Once the buns are cooled, cut off about a third of the top and set aside. Scrape off a bit of the bottom part. Take the scraped-out filling and mix it with the almond paste (easier if you’ve shredded it), lemon peel, bitter almond and enough butter and cream to form a soft paste. Spread over the bottom of the buns, replace the caps and dust with icing sugar.

If you choose to use strawberry jam (which I prefer) don’t prepare almond paste – fill the bottom parts with jam and pipe whipped cream around the edges of the bun. Top with the caps and dust with icing sugar.

I am so happy to see that the US is experiencing its own kind of Nordic Shrovetide as the Nordic food trend is booming in America! You will find these sweet buns filled with jam and whipped cream from many bakeries around the country–most likely from communities with Scandinavian roots.

Scandinavian chefs are talking about the “New Nordic” as a new concept in food. Translated this means the ability to find luxury in simple things (as Scandinavians are inherently good at this.) This sweet bun is a very good example–It has basic ingredients and relies on doing a lot with very little. Flour, yeast, cardamom, cream and tangy jam are all that is needed to transform this into a fabulous pastry.

I have heard there has been much enthusiasm for these buns at the Fika Café located in the National American Swedish Institute in Minneapolis, MN. I will need to check this out this year. Lucky to live in Minneapolis!!

Fika Cafe

Pea Soup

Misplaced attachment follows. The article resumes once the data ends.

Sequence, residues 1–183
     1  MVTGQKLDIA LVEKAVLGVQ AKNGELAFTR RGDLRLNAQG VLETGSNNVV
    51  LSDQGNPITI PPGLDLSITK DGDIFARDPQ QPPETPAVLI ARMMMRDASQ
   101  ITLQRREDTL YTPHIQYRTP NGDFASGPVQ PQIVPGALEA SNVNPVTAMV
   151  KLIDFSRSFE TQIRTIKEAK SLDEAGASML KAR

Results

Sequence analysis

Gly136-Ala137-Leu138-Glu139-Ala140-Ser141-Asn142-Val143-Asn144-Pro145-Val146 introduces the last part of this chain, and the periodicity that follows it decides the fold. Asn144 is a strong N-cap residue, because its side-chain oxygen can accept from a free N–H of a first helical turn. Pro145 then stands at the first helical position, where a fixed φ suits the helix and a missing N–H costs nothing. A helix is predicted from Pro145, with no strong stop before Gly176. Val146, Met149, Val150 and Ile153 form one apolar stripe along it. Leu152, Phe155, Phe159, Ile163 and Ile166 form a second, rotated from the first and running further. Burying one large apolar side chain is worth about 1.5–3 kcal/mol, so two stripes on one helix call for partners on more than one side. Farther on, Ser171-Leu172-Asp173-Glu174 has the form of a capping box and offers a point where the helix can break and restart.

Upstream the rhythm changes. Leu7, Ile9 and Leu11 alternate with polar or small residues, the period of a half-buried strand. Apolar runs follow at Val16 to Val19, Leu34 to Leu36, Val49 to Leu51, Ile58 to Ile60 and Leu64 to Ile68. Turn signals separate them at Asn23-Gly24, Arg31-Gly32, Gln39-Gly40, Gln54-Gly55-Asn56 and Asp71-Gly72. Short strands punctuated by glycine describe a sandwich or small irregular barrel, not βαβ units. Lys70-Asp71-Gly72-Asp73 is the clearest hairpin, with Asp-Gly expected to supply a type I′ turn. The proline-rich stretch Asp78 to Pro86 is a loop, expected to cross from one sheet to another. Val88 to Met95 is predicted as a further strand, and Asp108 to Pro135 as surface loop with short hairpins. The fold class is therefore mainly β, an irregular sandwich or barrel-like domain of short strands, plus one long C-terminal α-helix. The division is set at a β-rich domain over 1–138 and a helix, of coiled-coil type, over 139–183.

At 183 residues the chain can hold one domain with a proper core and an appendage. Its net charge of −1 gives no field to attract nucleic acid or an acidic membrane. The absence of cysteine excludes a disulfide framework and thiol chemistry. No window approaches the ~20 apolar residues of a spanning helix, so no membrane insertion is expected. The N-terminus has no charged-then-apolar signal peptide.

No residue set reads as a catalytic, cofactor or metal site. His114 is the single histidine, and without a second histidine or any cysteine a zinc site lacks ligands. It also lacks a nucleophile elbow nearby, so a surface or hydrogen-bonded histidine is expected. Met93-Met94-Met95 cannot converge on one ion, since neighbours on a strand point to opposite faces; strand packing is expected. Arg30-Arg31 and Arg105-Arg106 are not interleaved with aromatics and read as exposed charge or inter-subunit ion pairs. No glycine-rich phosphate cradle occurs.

Hernekeitto: Slow Cooked Pea Soup

“Another special Shrovetide food is called Hernekeitto—a slow-cooked pea soup. Typically, pea soup is best when cooked in a giant pot for over 100 people, but this recipe is still delicious when made for smaller groups. It gets its deep flavor from being cooked with smoked pork. One of my traditions is to save some ham from Christmas and when Shrovetide comes each year, I look forward to once again that smoky, hearty soup in my kitchen.”

– Chef Anna –


  • 1 kg (2 pounds) dried green or yellow peas
  • 3-5 l (1-1¼ gallons) water
  • 1 kg (2 pounds) smoked pork shank
  • 2 large onions
  • 2 tsp dried marjoram
  • black pepper
  • hot mustard to taste
  • salt (depending on how salty your meat is)


This is How it Happens:

Rinse the peas and soak them overnight in plenty of water. Transfer (with the soaking water) to a large pot and bring to a boil. Peel the onions and cut them into chunks. Add the rest of the water and the pork, onions and marjoram and let simmer on a low heat for about two to three hours, until the peas go all mushy and start clouding and thickening the water.

Remove the pork shank from the pot and scrape the meat from the bone. Shred the meat into small pieces and add back in the pot. Season with hot mustard and pepper (and salt to taste).

This is at it’s best made the day before and slowly reheated. It’s served piping hot, with everyone adding more hot mustard and, in our family, garnishing with a dollop of sour cream or crème fraiche!